Constitutional Convention – Joe Vitti reported that the idea of holding a Constitutional Convention to consider revisions to portions of the California Constitution is gaining momentum and attention, especially in light of the massive budget crisis and political gridlock in Sacramento. He attended a Saturday meeting at USC where Mayor Villaraigosa, Wendy Gruel, Eric Garcetti, in addition to a number of other speakers, spoke to an audience of about 200 attendees. The Mayor said "This topic is an important conversation to have across the state and I support the effort. The system is broken." Wendy said the last convention was 121 years ago and a convention would provide "an opportunity for the state to get back on track." Eric also expressed support for the convention.
Vitti noted that if 2 million signatures are obtained on petitions by April 16, 2010 a proposition to hold a Constitutional Convention could go on the November 2010 general election ballot. If approved a Convention can be held in 2011 and a reform package could be voted upon by the people in November of 2012.
Membership Event, Saturday Evening August 29 –
Richard Leyner reminded those in attendance that Valley VOTE will be holding its annual mixer on Saturday evening, August 29, at his home in Northridge. He has invited a number of political luminaries to mix with Valley VOTE members and guests. This is a wonderful opportunity for informal small group conversations. The tab is $35 per person and $55 per couple. Invitations will be mailed and e-mailed shortly.
DWP Electric Rates –
Richard Bort has been studying the increase in the DWP’s electric rates that became effective on July 1, and reported on how they are structured and changed. The rate structure is changed from a flat rate to a series of three tiers depending on kilowatt hours (KwH) consumption. Bort estimates that for the average Valley single family household using about 2,000 KwH per month during the High Season (i.e. July 1 through September 30) the DWP bill for electricity will be on the order of nearly 18 percent higher under the new rate plan. From October 1 through June 30, Low season rates will prevail, in which the rates for the three consumption tiers are identical, thereby eliminating any penalty for greater usage. The new Low Season rate reflects an increase in approximately 2.2 percent over the rate that prevailed in the May-June, 2009 period (i.e., before the new rates went into effect).
Jack Humphreville, who could not attend this meeting due to another commitment, asked Bort to convey his opinion that the new rates violate the promise made by the City Council and DWP in April 2008. When the new rates were approved, the new rates were described as “revenue neutral.” Jack pointed out that “it is staggering to note that power rates have increased 26% over the past 1½ to 2 years to 12.36¢ (which is) significantly higher than DWP advertised in April 2008 when the City Council approved the interim and multiyear Rate increases.” He went on to say in a handout that “Overall, it appears that DWP residential revenues (for electricity) will increase about 6%.... The City’s General Fund is the beneficiary of the not-so-revenue-neutral Rate restructuring Plan. The 8% transfer fee and the 10% City utility Tax will generate an estimated $1.5 million a month to help balance the (city’s) not-so-balanced budget.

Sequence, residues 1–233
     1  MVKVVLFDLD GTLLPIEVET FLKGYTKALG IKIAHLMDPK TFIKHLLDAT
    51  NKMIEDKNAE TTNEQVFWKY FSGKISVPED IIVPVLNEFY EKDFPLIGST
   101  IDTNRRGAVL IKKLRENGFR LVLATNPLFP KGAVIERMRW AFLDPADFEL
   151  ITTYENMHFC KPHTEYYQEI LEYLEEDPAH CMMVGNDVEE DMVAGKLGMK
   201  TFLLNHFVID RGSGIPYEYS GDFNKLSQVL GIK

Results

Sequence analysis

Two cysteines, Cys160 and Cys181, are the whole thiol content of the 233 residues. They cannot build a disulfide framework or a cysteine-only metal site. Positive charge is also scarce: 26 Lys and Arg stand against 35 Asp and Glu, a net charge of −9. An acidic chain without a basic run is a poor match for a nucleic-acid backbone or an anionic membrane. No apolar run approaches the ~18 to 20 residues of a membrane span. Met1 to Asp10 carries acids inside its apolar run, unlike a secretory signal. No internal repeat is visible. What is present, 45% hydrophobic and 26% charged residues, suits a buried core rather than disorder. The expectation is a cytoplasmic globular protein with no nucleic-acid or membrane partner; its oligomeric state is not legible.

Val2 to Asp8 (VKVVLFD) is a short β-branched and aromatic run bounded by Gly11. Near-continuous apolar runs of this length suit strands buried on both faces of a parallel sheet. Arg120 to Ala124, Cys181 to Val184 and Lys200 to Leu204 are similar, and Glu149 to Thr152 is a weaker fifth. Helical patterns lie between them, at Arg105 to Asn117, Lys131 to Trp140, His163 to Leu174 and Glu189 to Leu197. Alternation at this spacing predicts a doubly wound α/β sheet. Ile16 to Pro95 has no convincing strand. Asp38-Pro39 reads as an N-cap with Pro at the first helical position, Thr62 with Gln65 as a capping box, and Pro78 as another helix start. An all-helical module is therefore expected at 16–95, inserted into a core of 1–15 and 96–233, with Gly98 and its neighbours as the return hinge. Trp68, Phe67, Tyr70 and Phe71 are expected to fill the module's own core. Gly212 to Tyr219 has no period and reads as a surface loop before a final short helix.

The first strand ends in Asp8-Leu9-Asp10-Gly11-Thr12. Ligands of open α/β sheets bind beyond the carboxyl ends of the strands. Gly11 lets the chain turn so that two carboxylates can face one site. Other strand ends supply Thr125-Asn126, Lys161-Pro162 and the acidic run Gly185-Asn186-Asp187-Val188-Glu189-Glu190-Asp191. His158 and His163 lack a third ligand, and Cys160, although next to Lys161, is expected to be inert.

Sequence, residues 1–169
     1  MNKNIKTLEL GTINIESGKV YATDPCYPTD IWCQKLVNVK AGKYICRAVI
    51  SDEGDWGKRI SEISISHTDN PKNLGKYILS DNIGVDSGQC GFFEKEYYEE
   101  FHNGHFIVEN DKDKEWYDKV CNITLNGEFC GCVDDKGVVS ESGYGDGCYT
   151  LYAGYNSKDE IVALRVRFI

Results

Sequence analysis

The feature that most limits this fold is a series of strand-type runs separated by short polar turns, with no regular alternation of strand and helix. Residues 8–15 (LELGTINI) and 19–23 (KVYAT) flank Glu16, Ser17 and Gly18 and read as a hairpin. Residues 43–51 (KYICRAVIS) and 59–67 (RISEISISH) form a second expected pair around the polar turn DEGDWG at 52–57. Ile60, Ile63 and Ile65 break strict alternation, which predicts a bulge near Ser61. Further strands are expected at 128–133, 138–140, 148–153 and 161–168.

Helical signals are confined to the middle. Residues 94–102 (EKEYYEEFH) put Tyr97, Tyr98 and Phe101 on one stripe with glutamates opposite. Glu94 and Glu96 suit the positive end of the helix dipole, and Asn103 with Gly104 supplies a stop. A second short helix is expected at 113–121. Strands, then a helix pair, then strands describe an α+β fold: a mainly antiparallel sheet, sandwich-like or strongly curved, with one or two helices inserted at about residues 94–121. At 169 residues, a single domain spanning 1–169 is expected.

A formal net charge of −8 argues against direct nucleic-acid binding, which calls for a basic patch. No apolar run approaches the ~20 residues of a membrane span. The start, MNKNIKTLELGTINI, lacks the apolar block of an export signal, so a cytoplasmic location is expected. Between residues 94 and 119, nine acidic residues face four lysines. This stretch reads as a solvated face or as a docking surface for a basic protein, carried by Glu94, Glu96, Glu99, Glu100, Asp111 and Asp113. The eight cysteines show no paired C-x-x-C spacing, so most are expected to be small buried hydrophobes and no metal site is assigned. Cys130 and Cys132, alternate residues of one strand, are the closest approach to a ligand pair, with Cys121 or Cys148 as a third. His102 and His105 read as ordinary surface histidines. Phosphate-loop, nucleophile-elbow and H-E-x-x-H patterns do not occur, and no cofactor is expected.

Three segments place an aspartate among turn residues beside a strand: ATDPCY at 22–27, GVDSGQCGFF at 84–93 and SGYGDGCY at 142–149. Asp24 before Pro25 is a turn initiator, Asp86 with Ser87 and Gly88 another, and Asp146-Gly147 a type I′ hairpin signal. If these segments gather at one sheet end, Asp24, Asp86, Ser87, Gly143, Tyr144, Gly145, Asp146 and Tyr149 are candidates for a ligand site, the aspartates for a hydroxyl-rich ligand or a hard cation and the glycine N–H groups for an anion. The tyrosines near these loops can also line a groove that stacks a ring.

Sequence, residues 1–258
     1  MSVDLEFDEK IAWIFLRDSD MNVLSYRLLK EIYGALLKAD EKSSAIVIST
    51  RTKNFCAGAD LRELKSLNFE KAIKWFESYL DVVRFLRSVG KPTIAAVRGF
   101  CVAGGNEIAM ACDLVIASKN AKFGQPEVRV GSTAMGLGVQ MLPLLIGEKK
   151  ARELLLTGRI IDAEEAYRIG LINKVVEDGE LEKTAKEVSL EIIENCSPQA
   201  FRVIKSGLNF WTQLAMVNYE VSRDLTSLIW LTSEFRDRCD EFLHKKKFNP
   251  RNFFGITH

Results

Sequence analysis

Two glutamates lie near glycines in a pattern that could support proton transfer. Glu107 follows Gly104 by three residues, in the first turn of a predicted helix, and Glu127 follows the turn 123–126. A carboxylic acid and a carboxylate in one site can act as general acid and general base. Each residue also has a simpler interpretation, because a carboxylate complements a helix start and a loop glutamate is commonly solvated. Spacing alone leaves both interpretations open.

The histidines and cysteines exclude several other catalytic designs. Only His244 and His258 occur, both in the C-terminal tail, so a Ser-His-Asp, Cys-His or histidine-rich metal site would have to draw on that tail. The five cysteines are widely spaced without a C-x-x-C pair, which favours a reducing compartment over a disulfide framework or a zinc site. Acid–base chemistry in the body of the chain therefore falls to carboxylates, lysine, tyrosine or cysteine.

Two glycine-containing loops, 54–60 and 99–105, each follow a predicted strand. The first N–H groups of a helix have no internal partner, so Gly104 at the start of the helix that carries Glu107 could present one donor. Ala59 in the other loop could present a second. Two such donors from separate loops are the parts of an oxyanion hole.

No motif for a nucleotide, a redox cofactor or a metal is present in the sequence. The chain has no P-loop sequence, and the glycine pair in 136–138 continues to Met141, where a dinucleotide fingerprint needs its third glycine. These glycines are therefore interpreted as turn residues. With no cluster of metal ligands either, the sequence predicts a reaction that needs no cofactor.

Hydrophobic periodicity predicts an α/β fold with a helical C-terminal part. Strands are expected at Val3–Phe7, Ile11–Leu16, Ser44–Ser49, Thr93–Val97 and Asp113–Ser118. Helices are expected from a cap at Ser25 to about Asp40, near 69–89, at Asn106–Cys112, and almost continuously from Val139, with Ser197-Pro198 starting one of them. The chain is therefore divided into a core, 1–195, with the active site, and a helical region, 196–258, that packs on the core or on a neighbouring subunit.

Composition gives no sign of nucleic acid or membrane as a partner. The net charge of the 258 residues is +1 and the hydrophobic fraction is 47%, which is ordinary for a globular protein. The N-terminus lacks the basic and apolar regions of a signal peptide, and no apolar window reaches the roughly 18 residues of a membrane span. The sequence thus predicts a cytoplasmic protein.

Transportation – Bart Reed, Executive Director of the Transit Coalition and a regular participant in Valley VOTE, reported that the Mayor is urging the MTA to approve a revised contract with Breda for 100 new rail cars. Reed was told that the cars delivered by Breda exceeded the contractual specification by 12,000 pounds each. “What will this excess weight cost the MTA in the long run?” Reed asked, and noted that the excess weight over the expected 50-year life of the cars will cost a huge amount for increased electricity to propel them, rails and wheels will wear out much sooner, and that several bridges where these car will be used were not built to carry such weight. Moreover, Breda has a history of failure to meet delivery deadlines and failure to create the number of jobs it promises. Reed asked members to contact Mayor Villaraigosa and Supervisor Gloria Molina – both swing votes – to oppose the new Breda contract.
The next meeting of Valley VOTE will be held on Monday, September 21, 2009 at Galpin Ford, 2nd Floor meeting room, 15555 Roscoe Blvd. at the 405 Freeway in North Hills.
Valley VOTE Mission Statement
Valley VOTE, a diverse coalition of San Fernando Valley residents, business people, educators, community activists, and organizations, is committed to exploring and fostering the implementation of programs that empower the people of the San Fernando Valley and the City of Los Angeles, to improve local governance, education and public participation on policy matters.